Gerald Mayne has made it his quest to make sure his home does not flood again.
Gerald Mayne has made it his quest to make sure his home does not flood again.

Emerald man flood-proofs home

GERALD Mayne is proving a man’s home is his castle, after spending the past five weeks ensuring his house will never be hit by floodwaters again.

The 84-year-old enlisted the help of contractors, tradesmen, family and friends to help him erect concrete tilt panels around his home, half a metre higher than the January flood level.

Mr Mayne said that when he bought his Crinum Cres property in 2000, the council was adamant water would never rise to its level.

Unfortunately they were wrong and Mr Mayne and his wife Faye watched floodwaters rise around their house twice in the past two years.

“Not being able to do anything about it was the worst part,” Mr Mayne said.

“We’ve had to shift twice now, it’s so frustrating.”

With this year’s floods being the last straw, Mr Mayne set out to do something about it.

“So many people say the government should do this or the council should do that – why don’t they do it themselves?” he said.

With help from contractor Pat McKay, concreters Evan Bennett and Andrew Zambelli and the Maynes’ grandson Ashley, the project was well on its way.

The concrete panels were poured and set before being erected and then placed in an 800mm trench around the perimeter of the home.

They were then concreted into the ground and joined together with Sikaflex to allow for expansion.

“It’s a new idea, but you’ve got to look after yourself,” he said.

The father-of-four said he wasn’t taking any more chances.

“There could be a flood next year or in the next hundred years.”

With 1700sq m to cover, the fence has been a mammoth project, but so far the three walls around the home have been completed.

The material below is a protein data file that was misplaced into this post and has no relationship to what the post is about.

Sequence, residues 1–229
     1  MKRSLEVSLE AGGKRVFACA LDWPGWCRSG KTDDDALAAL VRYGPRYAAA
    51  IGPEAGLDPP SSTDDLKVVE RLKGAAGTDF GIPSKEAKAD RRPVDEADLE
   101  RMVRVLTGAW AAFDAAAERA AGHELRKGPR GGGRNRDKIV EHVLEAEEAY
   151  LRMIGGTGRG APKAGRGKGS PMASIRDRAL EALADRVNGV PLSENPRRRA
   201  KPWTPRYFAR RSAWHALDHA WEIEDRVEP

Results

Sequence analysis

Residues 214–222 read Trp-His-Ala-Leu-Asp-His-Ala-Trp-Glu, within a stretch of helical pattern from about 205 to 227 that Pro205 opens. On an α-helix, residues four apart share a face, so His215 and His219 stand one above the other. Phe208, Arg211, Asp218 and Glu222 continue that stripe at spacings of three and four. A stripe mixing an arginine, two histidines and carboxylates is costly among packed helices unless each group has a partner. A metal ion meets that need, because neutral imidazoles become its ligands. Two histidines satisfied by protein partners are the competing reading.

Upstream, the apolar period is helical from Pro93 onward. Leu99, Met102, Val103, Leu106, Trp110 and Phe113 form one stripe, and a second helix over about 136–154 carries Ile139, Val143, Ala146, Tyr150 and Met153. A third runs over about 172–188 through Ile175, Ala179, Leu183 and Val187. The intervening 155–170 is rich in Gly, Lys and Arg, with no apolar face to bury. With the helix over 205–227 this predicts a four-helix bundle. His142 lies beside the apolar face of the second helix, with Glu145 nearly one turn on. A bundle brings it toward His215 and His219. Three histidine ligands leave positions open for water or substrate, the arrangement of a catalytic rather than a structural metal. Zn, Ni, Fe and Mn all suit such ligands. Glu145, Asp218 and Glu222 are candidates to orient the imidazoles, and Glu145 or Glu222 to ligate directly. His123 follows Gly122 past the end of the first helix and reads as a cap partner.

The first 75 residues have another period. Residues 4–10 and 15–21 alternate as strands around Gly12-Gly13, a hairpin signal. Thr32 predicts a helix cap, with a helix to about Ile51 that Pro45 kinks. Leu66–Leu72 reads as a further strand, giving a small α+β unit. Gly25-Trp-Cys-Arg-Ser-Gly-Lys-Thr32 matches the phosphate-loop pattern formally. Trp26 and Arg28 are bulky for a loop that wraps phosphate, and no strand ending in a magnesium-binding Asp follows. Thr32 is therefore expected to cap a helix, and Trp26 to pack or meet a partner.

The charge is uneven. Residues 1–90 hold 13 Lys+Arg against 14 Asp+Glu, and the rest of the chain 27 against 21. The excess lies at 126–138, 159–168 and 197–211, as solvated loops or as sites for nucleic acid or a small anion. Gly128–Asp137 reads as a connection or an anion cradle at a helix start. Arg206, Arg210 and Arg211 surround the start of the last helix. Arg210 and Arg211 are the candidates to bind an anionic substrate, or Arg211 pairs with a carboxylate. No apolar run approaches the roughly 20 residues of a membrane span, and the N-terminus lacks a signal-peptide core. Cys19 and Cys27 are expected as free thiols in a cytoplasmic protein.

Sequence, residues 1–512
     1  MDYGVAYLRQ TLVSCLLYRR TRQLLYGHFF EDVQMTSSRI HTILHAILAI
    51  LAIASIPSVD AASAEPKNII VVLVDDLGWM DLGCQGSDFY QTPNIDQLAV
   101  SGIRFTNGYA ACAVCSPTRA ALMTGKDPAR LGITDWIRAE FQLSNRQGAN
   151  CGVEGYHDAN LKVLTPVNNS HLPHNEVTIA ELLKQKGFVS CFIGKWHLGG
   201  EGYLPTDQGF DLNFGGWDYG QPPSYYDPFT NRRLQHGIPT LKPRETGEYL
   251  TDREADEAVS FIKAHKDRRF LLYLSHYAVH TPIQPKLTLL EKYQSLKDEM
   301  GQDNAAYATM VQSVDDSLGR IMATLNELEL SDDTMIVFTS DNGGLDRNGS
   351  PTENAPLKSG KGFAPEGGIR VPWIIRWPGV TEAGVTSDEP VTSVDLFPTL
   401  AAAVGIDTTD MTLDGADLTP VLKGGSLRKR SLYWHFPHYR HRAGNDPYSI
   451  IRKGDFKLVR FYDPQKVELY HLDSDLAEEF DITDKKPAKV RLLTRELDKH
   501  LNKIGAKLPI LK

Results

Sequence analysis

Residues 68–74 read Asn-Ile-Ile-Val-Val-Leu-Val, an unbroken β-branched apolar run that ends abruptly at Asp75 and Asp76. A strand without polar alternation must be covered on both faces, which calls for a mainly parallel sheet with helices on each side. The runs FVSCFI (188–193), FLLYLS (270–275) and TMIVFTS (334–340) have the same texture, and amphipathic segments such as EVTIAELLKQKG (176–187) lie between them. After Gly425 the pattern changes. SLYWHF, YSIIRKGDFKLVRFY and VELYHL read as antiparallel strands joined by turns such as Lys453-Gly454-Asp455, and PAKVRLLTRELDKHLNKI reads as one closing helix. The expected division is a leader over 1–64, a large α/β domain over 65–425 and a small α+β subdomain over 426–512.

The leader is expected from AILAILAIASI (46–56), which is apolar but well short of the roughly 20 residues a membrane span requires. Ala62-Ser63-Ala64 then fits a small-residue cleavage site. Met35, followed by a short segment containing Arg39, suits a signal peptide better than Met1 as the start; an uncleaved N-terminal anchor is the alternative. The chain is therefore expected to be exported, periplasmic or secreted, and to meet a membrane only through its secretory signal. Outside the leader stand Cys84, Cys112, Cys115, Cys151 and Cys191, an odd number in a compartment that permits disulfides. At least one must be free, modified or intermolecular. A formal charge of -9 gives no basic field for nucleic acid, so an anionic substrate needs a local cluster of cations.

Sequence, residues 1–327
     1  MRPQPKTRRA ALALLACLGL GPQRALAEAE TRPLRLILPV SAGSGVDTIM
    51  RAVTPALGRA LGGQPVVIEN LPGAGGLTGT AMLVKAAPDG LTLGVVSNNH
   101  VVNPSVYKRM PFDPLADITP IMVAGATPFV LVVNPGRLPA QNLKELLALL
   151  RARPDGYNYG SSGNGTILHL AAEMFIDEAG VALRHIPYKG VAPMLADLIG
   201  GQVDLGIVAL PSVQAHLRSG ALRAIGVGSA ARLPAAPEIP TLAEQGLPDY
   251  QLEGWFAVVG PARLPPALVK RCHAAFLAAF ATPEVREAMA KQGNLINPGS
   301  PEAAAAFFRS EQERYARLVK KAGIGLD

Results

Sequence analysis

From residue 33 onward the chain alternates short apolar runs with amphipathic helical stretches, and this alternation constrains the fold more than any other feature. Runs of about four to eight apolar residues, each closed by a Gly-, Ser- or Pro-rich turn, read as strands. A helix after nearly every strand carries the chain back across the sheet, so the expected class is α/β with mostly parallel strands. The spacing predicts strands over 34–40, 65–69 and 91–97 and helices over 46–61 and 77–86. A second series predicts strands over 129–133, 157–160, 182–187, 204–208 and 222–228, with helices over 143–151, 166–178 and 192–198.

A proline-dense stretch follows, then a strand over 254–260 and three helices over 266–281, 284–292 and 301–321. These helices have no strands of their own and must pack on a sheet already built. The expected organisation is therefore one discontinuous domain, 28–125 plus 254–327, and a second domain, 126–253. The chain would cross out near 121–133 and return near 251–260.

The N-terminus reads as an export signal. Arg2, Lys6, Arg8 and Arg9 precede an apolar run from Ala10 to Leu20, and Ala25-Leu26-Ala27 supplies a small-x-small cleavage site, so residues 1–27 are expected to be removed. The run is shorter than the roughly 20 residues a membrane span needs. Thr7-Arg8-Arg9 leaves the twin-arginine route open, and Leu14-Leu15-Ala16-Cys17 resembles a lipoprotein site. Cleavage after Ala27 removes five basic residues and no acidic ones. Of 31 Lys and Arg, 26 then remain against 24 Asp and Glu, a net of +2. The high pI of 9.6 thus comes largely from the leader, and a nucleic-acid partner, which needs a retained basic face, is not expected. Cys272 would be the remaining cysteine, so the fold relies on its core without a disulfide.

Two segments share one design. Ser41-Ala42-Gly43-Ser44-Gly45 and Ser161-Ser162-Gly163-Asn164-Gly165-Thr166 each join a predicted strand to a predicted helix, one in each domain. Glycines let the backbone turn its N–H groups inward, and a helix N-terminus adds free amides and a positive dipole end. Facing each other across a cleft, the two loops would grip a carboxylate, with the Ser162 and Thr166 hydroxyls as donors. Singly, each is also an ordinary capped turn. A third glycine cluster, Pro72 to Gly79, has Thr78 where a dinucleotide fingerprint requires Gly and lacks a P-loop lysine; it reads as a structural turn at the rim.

Pat McKay was the brains behind the fence and said the next task would be to create an electronic and flood-proof gate.

“The gates will take a lot longer,” Mr McKay said.

Together Mr Mayne and Mr McKay have thought of everything, including how to get water out of the property.

They have constructed a concrete trough down the bottom corner of the fence, which will house a submersible pump that will push water back outside the fenceline.

Mr McKay said the fence would not alter the flow of water to the neighbouring properties in any way.

“If anything, the neighbour already has one wall up when they want to do their own flood-proof fence,” he said.

Mr Mayne said once the crew had finished the fence around his home they would start on his business, Cotton Growers Services, on Hospital Rd.

Once finished, Mr Mayne said the total cost of the fence would be about 9% of the value of his property, a small price compared to the 30% he has been told he would lose on the property if nothing was done to prevent future flooding.

With the Botanic Gardens just an arm’s length away from his property line, Mr Mayne said he and Faye had never thought about packing up and moving somewhere else.

“This is such a beautiful place,” he said.

“We hope to live out the rest of our lives here.”

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